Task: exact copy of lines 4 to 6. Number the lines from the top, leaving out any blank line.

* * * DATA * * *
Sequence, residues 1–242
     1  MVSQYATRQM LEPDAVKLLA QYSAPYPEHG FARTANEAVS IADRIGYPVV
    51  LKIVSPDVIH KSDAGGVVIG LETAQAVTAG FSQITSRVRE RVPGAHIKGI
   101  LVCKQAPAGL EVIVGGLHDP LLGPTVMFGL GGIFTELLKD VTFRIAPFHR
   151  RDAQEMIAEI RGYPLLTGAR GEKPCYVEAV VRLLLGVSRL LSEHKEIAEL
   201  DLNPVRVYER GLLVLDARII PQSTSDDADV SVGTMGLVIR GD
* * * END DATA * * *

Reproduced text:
   101  LVCKQAPAGL EVIVGGLHDP LLGPTVMFGL GGIFTELLKD VTFRIAPFHR
   151  RDAQEMIAEI RGYPLLTGAR GEKPCYVEAV VRLLLGVSRL LSEHKEIAEL
   201  DLNPVRVYER GLLVLDARII PQSTSDDADV SVGTMGLVIR GD